The highlight of the hotel’s rooftop pool area is a curving cabana wrapped in aluminum scales; it was designed by Daly Genik Architects, which also was responsible for the condominium interiors and the striking Douglas fir-lined lobby for the condo tower. Kevin Daly, a founder of the firm, said the W asked him to design the cabana as “a Venus’ flytrap for supermodels.”

The complex will also cater, however, to a high-end client base that will be less interested in bottle service or keen to avoid cellphone cameras and the junket scene altogether. Condo owners using a dedicated car turnaround can bypass the hotel lobby completely. Inside the hotel, a sequestered series of suites offers direct and private access to a fourth-floor outpost of Bliss Spa, where detox services will be on the menu alongside the anti-aging mushroom enzyme peel. And hidden discreetly a few steps from the pool deck is a separate series of cabanas -- also designed by Daly Genik -- available for purchase by condo owners, giving them dedicated private space on the rooftop level.

Even as it aims for well-heeled and expense-account business, the project, developed by Legacy Partners of Foster City, Calif., and Gatehouse Capital Corp. of Dallas, is among the largest transit-oriented developments, or TODs, yet completed in Los Angeles. It has provided the Red Line’s Hollywood and Vine station with an attractive new yellow-glass canopy, designed by Rios Clementi Hale Studios, which also oversaw the W’s skillful landscape design. On the other side of the complex, the apartment block includes 78 units set aside for low-income tenants.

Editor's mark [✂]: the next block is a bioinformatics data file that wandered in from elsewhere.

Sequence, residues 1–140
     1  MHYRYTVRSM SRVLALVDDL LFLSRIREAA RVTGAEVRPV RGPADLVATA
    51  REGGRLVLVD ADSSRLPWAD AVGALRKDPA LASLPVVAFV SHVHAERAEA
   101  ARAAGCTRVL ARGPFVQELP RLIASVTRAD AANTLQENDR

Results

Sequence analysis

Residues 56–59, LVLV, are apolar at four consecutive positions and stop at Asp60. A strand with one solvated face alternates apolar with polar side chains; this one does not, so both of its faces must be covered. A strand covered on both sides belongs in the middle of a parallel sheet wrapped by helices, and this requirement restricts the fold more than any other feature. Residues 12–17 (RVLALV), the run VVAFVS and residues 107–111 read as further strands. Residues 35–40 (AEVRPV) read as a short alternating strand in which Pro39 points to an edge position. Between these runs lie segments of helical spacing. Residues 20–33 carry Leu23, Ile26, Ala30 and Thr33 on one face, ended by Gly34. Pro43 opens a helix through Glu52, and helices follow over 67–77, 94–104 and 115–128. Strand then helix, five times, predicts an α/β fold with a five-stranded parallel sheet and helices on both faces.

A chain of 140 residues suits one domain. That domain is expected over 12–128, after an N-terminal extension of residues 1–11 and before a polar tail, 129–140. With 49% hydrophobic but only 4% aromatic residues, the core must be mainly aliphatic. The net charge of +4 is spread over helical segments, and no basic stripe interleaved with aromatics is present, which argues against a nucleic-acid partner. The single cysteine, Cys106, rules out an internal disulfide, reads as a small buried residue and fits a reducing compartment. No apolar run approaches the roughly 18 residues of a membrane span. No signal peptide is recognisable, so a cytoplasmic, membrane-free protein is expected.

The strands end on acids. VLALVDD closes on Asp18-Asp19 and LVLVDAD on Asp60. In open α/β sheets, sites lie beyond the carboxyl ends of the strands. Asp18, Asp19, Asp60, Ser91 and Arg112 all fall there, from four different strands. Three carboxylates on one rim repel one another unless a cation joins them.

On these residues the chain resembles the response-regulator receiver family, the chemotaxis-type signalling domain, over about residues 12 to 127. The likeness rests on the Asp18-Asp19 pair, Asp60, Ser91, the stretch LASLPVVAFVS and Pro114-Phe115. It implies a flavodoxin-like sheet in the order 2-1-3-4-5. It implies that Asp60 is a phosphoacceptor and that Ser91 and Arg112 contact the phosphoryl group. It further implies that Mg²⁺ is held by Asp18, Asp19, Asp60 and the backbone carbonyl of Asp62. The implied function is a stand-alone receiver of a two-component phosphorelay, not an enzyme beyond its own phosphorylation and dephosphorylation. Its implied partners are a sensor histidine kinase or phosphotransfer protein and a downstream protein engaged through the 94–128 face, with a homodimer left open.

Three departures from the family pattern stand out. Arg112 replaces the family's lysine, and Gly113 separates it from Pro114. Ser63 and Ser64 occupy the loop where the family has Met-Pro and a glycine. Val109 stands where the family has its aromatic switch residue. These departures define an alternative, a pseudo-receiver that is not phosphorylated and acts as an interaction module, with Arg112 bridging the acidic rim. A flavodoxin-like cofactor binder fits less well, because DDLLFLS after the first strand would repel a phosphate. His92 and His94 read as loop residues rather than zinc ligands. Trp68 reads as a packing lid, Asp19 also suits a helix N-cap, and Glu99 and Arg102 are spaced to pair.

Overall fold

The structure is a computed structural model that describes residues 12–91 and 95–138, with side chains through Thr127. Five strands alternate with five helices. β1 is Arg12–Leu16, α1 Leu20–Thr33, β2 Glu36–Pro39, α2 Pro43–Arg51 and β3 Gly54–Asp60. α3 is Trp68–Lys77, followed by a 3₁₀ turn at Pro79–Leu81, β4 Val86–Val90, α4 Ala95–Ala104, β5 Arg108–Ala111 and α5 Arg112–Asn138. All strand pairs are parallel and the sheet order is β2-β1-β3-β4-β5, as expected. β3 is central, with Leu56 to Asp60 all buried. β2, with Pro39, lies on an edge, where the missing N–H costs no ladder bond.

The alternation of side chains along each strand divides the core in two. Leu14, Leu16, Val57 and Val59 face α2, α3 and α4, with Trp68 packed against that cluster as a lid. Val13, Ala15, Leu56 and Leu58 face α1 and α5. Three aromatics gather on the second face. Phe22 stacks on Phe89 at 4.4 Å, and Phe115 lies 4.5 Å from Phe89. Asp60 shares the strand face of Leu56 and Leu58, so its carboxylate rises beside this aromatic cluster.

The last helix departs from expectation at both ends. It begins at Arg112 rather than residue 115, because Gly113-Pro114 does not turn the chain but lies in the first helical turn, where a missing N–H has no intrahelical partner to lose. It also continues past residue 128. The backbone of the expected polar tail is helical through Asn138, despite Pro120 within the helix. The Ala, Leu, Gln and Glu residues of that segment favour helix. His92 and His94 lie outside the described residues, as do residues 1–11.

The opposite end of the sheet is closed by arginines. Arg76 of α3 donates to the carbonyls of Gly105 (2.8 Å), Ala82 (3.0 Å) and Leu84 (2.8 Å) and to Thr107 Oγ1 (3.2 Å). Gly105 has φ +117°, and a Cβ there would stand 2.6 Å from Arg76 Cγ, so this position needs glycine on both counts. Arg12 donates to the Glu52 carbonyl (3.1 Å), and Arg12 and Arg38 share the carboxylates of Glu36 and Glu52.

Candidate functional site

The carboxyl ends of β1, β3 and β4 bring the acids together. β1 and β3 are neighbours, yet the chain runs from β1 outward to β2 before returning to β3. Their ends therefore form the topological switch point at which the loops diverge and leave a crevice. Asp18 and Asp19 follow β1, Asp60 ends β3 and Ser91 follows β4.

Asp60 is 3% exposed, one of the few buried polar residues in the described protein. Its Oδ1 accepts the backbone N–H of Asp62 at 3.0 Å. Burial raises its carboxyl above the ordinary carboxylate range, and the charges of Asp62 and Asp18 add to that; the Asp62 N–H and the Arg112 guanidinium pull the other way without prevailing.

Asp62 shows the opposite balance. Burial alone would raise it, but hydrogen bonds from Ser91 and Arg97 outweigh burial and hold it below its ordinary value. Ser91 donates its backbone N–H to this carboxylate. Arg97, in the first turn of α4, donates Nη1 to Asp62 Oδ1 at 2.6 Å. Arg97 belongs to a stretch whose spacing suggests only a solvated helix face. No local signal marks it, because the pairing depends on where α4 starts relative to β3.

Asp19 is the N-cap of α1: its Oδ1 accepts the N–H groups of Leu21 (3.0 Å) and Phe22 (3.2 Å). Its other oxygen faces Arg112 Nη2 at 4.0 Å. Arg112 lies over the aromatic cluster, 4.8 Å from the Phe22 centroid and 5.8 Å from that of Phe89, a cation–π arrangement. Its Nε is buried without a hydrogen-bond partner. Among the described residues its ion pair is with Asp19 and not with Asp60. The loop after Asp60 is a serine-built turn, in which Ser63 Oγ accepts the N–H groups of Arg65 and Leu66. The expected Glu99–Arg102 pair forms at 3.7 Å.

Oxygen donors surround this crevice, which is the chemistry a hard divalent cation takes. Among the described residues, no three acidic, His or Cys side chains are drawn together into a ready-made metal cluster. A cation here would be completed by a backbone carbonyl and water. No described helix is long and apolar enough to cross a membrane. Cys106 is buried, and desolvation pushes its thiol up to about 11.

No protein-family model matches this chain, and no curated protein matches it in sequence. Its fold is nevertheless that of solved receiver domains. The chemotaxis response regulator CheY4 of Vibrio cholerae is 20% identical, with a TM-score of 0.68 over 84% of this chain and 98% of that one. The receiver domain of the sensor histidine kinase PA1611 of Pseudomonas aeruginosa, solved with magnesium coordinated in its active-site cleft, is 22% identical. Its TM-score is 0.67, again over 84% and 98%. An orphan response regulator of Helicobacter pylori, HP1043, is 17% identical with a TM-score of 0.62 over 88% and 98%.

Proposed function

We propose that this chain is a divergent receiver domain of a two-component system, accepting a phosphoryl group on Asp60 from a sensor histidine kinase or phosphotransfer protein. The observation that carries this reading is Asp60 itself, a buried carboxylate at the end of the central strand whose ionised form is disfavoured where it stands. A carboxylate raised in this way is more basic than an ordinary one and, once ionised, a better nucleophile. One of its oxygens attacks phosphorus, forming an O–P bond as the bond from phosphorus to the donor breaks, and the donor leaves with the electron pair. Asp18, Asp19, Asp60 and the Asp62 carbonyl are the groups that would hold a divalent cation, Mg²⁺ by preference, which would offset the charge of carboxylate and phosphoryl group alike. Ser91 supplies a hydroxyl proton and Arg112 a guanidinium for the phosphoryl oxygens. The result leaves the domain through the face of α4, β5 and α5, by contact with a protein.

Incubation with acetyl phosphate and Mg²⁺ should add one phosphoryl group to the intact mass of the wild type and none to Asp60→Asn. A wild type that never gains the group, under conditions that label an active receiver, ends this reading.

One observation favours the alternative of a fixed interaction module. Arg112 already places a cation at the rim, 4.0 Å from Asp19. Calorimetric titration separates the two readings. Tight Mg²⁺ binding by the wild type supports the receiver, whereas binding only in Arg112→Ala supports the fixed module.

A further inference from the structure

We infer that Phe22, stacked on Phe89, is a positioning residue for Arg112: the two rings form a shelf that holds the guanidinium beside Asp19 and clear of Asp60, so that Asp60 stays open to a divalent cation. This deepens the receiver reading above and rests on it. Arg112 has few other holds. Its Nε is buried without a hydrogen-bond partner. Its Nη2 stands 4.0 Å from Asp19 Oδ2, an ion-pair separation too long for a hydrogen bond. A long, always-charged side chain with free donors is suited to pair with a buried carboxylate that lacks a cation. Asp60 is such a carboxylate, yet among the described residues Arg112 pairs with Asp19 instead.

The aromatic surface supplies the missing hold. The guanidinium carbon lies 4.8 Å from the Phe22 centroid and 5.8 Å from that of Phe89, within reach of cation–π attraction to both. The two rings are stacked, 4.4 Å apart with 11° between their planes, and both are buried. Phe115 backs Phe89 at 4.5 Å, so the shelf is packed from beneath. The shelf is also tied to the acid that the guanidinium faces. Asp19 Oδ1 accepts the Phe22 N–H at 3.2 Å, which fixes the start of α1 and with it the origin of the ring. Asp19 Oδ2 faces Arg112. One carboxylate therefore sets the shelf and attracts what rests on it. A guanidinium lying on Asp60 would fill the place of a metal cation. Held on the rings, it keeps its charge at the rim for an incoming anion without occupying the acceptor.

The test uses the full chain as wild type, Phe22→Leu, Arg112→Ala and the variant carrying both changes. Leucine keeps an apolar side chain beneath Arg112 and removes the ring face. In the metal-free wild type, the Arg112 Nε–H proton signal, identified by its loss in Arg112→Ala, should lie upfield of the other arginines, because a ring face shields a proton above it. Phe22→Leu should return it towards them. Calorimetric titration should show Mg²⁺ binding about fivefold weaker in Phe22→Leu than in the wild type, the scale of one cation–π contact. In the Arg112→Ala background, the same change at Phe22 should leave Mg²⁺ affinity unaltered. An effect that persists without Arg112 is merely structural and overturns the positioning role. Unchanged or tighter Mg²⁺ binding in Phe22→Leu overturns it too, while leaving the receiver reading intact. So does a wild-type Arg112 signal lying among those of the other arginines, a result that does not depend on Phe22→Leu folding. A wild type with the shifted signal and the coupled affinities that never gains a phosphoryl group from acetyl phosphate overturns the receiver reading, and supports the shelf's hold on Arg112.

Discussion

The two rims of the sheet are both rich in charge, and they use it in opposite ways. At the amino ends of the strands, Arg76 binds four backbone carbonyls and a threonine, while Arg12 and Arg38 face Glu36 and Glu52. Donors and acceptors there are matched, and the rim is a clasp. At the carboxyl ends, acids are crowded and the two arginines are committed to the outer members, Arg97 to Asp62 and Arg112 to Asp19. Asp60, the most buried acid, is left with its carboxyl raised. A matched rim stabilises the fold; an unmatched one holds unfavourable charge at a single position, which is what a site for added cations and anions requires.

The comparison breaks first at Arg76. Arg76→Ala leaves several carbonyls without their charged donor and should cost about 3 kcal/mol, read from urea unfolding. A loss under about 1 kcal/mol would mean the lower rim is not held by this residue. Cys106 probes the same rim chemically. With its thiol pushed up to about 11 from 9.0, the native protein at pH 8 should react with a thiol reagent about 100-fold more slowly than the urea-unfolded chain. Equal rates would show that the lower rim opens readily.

The residential component of the development seems likely to speed the maturation of the surrounding neighborhood, which particularly in the blocks to the south and west is shaking off a seedy reputation to emerge as the one of the more vital, walkable parts of Los Angeles. Along with a number of cafes, restaurants and new residential buildings, the district contains Amoeba Music, the ArcLight and Pantages theaters, the Hotel Cafe and the popular Space 15 Twenty retail complex.

Under the direction of art consultant Tiffiny Lendrum, the W has also put its 1%-for-art budget to unusually ambitious use, commissioning projects for the public areas by Jennifer Steinkamp, Pae White, Christian Moeller and Erwin Redl.

In its ambition and design IQ, the W is a clear step up from the 2001 Hollywood & Highland complex, which pioneered the large-scale TOD concept in this part of Los Angeles. Still, it’s a pity that the spirit animating the handful of really ambitious design touches on display couldn’t have been extended to cover the whole project. On the exterior, in particular, the HKS architects were visibly hamstrung by the demands of this very tricky site, creating an awkwardly proportioned series of sky bridges, curtain walls, terraces and billboard scaffolding that never coheres as a whole.

What it will mean for the civic fabric of a quickly gentrifying, densifying Hollywood remains to be seen. The W brings together several parts of L.A. culture that typically spin in separate orbits, raising the question of how much these groups will actually interact under the complex’s aggressive neon glow. Will junketeering reporters from London newspapers and Chilean TV rub shoulders with commuters, publicists or hotel guests in the lobby bar? Will the condo owners and the apartment tenants find any common ground?

From that point of view, the W Hollywood isn’t just an urban-planning experiment for Los Angeles. It’s something of a sociological one too.